Pensions, Labor, and Individual Choice
In recent years a decline in the labor force participation of older workers has combined with rapid current and projected increases in the number of older Americans, producing major policy debates over looming "crises" in social security and, to a lesser extent, in the private pension system. That private system is playing an increasing role in the support of retired workers and promises to be the subject of increasing scrutiny by economists and policymakers alike.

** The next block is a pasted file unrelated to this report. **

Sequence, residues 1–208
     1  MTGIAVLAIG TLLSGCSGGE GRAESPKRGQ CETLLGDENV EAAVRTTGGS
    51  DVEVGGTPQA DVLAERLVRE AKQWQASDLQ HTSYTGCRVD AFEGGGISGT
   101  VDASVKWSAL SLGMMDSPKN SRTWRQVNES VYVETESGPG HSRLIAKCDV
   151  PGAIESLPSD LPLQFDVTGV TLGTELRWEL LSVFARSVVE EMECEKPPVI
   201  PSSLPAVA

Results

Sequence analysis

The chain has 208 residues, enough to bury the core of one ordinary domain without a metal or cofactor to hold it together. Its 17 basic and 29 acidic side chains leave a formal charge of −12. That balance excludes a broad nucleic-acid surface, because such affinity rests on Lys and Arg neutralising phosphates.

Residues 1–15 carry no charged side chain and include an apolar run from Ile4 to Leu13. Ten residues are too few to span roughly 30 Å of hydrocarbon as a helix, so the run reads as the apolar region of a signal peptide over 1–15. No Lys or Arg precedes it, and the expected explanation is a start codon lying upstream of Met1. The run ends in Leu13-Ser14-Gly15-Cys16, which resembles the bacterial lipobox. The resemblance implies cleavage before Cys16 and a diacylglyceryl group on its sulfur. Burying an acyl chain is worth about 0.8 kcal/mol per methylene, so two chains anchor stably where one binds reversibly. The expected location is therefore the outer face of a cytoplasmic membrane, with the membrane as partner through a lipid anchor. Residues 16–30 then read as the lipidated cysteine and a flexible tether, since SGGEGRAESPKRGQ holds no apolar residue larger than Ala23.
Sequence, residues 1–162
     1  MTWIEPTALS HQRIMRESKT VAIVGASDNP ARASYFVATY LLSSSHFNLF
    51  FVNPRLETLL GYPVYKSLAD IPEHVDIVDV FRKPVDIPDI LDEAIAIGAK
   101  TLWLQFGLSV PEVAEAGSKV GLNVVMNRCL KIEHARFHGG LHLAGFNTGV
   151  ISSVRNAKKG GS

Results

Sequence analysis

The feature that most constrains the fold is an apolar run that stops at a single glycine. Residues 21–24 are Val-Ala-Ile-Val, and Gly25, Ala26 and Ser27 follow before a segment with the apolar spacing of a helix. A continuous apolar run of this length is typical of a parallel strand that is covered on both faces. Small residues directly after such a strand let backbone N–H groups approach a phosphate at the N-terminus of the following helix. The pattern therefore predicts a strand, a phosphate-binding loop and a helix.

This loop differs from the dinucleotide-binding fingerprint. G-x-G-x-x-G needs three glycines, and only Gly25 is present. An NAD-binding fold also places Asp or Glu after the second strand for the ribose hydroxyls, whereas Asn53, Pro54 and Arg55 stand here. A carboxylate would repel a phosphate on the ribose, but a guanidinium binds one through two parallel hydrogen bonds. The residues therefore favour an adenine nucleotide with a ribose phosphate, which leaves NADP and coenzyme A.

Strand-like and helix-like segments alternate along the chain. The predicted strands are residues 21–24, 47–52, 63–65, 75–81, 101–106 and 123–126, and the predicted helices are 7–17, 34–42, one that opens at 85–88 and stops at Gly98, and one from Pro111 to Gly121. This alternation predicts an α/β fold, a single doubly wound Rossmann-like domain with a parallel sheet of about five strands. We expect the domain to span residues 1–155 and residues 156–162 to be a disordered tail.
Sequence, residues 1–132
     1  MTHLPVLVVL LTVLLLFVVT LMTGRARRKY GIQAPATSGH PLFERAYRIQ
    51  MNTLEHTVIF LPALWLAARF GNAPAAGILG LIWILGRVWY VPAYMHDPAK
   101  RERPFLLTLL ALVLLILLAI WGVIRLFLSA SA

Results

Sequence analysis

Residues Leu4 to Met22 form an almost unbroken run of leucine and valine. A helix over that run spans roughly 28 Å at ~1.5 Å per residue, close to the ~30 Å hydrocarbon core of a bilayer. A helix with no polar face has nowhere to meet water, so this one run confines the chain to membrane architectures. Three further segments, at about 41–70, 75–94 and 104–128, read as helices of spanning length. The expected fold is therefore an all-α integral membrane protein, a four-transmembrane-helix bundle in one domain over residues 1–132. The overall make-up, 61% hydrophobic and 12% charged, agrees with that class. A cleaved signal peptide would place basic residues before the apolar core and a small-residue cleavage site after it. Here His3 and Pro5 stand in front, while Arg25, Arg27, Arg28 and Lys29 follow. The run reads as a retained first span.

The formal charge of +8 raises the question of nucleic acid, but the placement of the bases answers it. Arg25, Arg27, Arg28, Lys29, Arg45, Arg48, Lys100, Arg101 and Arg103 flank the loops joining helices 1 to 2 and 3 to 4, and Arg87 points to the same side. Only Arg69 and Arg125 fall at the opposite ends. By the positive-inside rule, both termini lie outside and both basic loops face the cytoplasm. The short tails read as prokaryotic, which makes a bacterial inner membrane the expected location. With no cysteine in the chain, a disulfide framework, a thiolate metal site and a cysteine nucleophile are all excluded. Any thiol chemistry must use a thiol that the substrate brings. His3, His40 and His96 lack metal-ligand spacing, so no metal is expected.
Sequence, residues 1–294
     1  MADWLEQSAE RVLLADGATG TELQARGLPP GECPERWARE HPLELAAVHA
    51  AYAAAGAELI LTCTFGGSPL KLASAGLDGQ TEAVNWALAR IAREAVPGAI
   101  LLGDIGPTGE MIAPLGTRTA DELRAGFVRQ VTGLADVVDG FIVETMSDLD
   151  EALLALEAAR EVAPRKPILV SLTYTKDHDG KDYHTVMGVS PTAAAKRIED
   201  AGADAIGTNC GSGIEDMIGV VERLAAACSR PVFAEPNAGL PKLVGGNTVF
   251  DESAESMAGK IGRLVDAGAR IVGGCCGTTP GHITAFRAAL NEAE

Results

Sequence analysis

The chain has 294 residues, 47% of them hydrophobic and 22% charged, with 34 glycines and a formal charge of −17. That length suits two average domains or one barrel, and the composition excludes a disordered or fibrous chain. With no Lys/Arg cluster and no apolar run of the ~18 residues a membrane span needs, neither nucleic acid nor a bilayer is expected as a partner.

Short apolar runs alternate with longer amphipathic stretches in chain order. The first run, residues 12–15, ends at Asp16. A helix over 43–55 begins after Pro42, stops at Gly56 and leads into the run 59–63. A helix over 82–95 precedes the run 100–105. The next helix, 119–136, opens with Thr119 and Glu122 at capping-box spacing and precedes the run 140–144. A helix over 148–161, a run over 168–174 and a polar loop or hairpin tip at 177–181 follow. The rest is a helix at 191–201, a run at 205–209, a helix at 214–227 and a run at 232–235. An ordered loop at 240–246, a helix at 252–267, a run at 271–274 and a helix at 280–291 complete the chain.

Previous books on private pensions have largely neglected behavioral implications of the features of pension plans. The papers in this volume, developed from material presented at a recent National Bureau of Economic Research conference, address two aspects of the relation between varieties of labor coverage and participation in the labor force. First, age at retirement may be correlated with kind of pension coverage. The papers, in fact, provide strong evidence that individual decisions about when to retire are directly influenced by pension options. Second, pension plans usually impose a high cost on workers who change jobs, which suggests that pension coverage reduces instances of job change. Pensions, Labor, and Individual Choice quantifies these correlations and proposes a conceptual framework within which to view them.